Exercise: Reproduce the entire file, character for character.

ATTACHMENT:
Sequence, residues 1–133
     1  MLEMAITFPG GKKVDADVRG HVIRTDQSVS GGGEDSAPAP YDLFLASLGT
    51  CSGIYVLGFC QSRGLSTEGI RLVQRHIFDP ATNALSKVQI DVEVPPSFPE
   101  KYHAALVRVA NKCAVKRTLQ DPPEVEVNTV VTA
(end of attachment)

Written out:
Sequence, residues 1–133
     1  MLEMAITFPG GKKVDADVRG HVIRTDQSVS GGGEDSAPAP YDLFLASLGT
    51  CSGIYVLGFC QSRGLSTEGI RLVQRHIFDP ATNALSKVQI DVEVPPSFPE
   101  KYHAALVRVA NKCAVKRTLQ DPPEVEVNTV VTA